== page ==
Sokoine University of Agriculture

Assessing the genetic diversity of five Tanzanian chicken ecotypes using molecular tools

Show simple item record Lyimo, Charles Moses Weigend, Annett Janßen-Tapken, Ulrike Msoffe, Peter Lawrence Simianer, Henner Weigend, Steffen 2016-05-12T10:46:50Z 2016-05-12T10:46:50Z 2013-12-21
dc.identifier.issn 0375-1589 (print)
dc.identifier.issn 2221-4062 (online)
dc.description This is a journal article en_US
dc.description.abstract The study aimed to evaluate the genetic diversity of Tanzanian chicken populations through phylogenetic relationship, and to trace the history of Tanzanian indigenous chickens. Five ecotypes of Tanzanian local chickens (Ching'wekwe, Kuchi, Morogoro-medium, Pemba and Unguja) from eight regions were studied. Diversity was assessed based on morphological measurements and 29 microsatellite markers recommended by ISAG/FAO advisory group on animal genetic diversity. A principal component analysis (PCA) of morphological measures distinguished individuals most by body sizes and body weight. Morogoro Medium, Pemba and Unguja were grouped together, while Ching'wekwe stood out because of their disproportionate short shanks and ulna bones. Kuchi formed an independent group owing to their comparably long body sizes. Microsatellite analysis revealed three clusters of Tanzanian chicken populations. These clusters encompassed i) Morogoro-medium and Ching'wekwe from Eastern and Central Zones ii) Unguja and Pemba from Zanzibar Islands and iii) Kuchi from Lake Zone regions, which formed an independent cluster. Sequence polymorphism of D-loop region was analysed to disclose the likely maternal origin of Tanzanian chickens. According to reference mtDNA haplotypes, the Tanzanian chickens that were sampled encompass two haplogroups of different genealogical origin. From haplotype network analysis, Tanzanian chickens probably originated on the Indian subcontinent and in Southeast Asia. The majority of Kuchi chickens clustered in a single haplogroup, which was previously found in Shamo game birds sampled from Shikoku Island of Japan in the Kochi Prefecture. Analysis of phenotypic and molecular data, as well as the linguistic similarity of the breed names, suggests a recent introduction of the Kuchi breed to Tanzania. en_US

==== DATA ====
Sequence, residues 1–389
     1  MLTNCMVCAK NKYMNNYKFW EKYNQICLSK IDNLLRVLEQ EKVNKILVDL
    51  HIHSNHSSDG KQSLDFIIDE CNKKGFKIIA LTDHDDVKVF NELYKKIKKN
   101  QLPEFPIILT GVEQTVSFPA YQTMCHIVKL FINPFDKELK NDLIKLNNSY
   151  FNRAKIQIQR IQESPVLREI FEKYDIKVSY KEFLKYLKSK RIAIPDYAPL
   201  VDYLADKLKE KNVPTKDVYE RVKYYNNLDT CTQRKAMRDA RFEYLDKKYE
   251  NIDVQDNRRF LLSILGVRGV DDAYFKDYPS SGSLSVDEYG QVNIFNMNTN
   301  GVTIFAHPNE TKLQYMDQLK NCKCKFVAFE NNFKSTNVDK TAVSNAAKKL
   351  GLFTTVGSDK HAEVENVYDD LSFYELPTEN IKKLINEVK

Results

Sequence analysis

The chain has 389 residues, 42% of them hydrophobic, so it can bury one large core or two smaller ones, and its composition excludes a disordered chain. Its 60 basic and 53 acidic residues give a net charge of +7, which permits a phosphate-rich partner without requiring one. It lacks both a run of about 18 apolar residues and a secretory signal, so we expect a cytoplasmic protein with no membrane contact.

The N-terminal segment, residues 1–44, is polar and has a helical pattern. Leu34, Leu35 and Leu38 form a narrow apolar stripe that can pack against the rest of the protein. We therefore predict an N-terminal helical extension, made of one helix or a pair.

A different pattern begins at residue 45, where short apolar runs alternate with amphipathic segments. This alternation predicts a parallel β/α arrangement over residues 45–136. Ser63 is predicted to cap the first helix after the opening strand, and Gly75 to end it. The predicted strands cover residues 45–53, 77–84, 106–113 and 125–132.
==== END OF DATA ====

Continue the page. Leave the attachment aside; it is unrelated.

dc.description.sponsorship Germany Academic Exchange (DAAD); Tanzania Commission for Universities (TCU) en_US
dc.language.iso en en_US
dc.publisher South African Society for Animal Science en_US
dc.subject Indigenous chicken en_US
dc.subject Genetic diversity en_US
dc.subject Microsatellites en_US
dc.subject Mitochondrial DNA en_US
dc.subject Tanzania en_US
dc.title Assessing the genetic diversity of five Tanzanian chicken ecotypes using molecular tools en_US
dc.type Article en_US
dc.url en_US

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